The design of the Dell Photo All-in-One Printer 966 makes it look more like an office-oriented multifunction than a personal printer or a photo all-in-one. Its boxy body sits 18 inches wide, 20 inches deep, and 10.6 inches tall, and weighs about 22 pounds. A 50-page automatic document feeder (ADF) sits atop the scanner lid and makes quick work of multipage copy, scan, or fax jobs. It also allows you to photocopy or scan legal-size originals, despite the fact that the flatbed scanner can hold up to only A4-size pages.
Four memory card slots and a single PictBridge port adorn the front, allowing for PC-free photo printing. The memory card slots accept most common types of cards, though you'll need to use an adapter for some of them. The PictBridge port also accepts USB flash drives, so you can print photos from a thumbdrive, as well, though you can't insert both a USB drive and a memory card simultaneously to transfer files between them. If you want to print from a Bluetooth device, such as a PDA, Dell offers an optional Bluetooth adapter that plugs into the PictBridge port.
A single cassette in the front of the printer serves as both input and output trays. The input drawer holds up to 150 pages of plain paper, though for $69, you can add a second 150-page drawer for increased capacity. The output tray is simply the lid of the input tray and can hold up to 100 printed sheets. Recessed deep in the output tray is a small media feeder designed for smaller-size papers, such as 4x6 photo paper or envelopes. If you're using the small media feeder, you'll have to insert the pages manually one at a time; for batch printing of photos or envelopes, you can use the main input. The small media feeder is very handy for one-off prints, as you don't have to swap out the contents of your input drawer for just one print.
The control panel is basic, but it gets the job done. It comprises an alphanumeric keypad, the normal set of menu-navigation buttons, and a 2.5-inch LCD for previewing photos and navigating the menus. The LCD is mounted on a panel that swivels up to let you optimize the viewing angle.
The Dell Photo All-in-One Printer 966 employs a two-tank system: one black and one tricolor, with cyan, magenta, and yellow. This system is not optimal for photo printing, which again, leads us to think of this printer as an office-oriented machine rather than a photo-centric one. You can switch the black tank for a photo ink tank to improve the color in photos, though we prefer the six-ink systems with individual tanks--less waste, better quality. Dell sells the regular-capacity black-ink tank for $21 and the regular color tank for $24. The high-capacity versions (almost always a better value) cost $26 and $32, respectively. The photo-ink tank costs $26. Dell estimates cost per page at about 5.2 cents for a page of black text and 6.4 cents for a color page; both numbers are based on high-capacity cartridges. Canon's per-page costs are a bit lower, but the numbers estimated by Dell aren't prohibitively high, either.
Like most of the office-oriented printers, the Dell Photo All-in-One Printer 966 offers fax functionality and an ADF for batch jobs. You also have the option of purchasing a duplexing unit ($79) for automatic double-sided prints, as well as a wireless and Ethernet print adapter ($80) for networking your Photo 966. Again, both of these options are more commonly found on office-oriented machines. Unfortunately, the Dell Photo 966 is not Mac compatible, so if your home or office network includes Mac users, they'll be left out.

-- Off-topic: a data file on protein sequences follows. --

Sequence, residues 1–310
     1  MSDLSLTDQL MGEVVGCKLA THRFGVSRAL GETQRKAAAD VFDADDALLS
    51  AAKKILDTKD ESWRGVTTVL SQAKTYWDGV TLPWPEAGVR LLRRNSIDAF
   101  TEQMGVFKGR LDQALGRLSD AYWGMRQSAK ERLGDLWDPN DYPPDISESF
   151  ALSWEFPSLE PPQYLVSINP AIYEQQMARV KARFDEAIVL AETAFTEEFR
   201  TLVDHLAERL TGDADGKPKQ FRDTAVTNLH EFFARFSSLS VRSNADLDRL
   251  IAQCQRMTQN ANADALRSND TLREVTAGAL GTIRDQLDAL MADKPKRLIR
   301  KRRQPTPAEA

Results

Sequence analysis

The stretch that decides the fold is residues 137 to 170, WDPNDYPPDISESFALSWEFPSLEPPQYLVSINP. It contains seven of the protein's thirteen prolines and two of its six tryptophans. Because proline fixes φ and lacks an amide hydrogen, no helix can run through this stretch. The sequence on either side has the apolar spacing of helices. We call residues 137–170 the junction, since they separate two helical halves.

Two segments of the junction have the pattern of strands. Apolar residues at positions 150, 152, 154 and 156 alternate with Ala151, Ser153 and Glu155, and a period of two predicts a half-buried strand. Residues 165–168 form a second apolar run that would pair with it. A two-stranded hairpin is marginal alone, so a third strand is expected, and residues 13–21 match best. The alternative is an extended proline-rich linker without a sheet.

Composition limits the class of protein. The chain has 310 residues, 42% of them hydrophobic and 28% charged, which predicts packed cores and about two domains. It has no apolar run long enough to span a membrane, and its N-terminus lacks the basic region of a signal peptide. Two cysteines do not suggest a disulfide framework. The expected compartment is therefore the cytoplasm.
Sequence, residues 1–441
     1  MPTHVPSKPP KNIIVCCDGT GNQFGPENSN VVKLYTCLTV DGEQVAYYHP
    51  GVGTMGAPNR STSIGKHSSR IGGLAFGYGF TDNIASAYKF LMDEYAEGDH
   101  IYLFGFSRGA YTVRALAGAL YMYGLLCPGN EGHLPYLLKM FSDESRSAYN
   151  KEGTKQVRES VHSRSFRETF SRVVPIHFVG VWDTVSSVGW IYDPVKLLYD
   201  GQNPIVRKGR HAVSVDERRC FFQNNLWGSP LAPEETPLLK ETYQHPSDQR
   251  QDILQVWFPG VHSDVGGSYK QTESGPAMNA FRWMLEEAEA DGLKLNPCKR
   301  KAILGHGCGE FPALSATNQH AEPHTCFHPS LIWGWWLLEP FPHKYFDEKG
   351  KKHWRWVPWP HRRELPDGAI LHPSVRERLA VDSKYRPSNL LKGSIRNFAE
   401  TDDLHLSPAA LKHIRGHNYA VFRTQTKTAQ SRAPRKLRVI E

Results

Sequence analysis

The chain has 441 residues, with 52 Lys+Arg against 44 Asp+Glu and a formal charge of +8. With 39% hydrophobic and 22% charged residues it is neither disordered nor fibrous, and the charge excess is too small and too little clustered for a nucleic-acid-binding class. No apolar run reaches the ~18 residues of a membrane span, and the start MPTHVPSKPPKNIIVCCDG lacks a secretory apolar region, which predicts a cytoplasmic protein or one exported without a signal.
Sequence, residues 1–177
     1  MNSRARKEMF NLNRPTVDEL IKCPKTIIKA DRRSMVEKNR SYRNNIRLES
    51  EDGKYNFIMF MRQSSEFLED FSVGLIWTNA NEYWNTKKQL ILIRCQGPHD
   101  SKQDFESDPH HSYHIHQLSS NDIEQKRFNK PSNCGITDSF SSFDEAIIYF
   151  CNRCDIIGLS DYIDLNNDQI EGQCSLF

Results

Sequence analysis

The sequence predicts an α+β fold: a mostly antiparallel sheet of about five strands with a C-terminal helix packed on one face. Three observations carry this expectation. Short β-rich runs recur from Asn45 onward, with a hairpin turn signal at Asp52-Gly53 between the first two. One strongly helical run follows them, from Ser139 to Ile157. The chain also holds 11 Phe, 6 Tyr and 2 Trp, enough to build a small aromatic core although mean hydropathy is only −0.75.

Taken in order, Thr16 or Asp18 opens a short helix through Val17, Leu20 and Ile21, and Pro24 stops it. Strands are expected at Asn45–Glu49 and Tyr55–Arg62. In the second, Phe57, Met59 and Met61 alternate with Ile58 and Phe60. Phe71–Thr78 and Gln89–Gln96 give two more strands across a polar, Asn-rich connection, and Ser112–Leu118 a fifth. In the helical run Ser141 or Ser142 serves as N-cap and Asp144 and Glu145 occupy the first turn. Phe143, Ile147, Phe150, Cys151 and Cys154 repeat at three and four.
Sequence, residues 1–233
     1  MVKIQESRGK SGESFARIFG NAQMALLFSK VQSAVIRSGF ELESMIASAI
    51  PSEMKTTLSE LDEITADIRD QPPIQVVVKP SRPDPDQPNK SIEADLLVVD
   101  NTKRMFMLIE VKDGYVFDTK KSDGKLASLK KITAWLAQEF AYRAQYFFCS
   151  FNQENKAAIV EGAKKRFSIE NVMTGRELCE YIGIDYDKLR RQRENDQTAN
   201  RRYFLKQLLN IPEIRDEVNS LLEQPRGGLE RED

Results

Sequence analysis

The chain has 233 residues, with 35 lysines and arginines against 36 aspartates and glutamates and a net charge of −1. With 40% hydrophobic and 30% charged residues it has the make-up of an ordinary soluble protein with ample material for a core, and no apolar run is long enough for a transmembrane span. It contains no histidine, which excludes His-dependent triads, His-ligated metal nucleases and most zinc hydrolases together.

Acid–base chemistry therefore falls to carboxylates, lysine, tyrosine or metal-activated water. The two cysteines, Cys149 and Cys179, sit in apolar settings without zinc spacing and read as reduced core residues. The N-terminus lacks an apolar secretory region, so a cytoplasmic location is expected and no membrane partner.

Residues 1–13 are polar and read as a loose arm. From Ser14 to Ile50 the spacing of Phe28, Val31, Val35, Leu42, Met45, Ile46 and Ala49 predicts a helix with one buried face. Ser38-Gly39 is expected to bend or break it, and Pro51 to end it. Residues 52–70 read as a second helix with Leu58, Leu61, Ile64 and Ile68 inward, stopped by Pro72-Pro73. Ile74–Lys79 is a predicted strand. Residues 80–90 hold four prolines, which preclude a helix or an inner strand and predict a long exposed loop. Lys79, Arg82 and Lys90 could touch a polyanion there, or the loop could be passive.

The Dell Photo 966 offers the usual array of features for each function. When scanning, copying, or faxing, you can use either the ADF or the flatbed scanner. Dell recommends using the flatbed scanner for scanning photos, even if you have multiples, so it offers a "scan multiple items before output" option that lets you scan a whole pile of documents before they're printed en masse. You can scan documents using optical character recognition (for text editing), save the scan to your PC, attach the scan to an e-mail, or scan into a number of programs, including Microsoft Word and CorelPSProX. You can even scan a document to another computer on your network; you'll have to set up a computer name and PIN for each PC you intend to scan to.
When copying, you have a number of layout options: reducing and enlarging from 25 to 400 percent; 2-up and 4-up prints; and printing 4, 9, or 16 copies of the original (the resultant prints are shrunken accordingly). You can also do a collate copy, which is, again, a feature found more commonly on office printers.
For fax setup, the included user manual walks you through the various setup options. Once you're up and running, the options are fairly standard. You can program in speed-dial numbers for up to 89 individuals and 10 groups (with 30 numbers each). This feature is convenient if you regularly send broadcast faxes, though you can also send a fax blast by keying in each number individually. You can delay a fax, if you want it sent later, too. On the receiving side, you can block faxes by keying in numbers to be blocked or tell the machine to block faxes coming from a machine that doesn't broadcast its caller ID.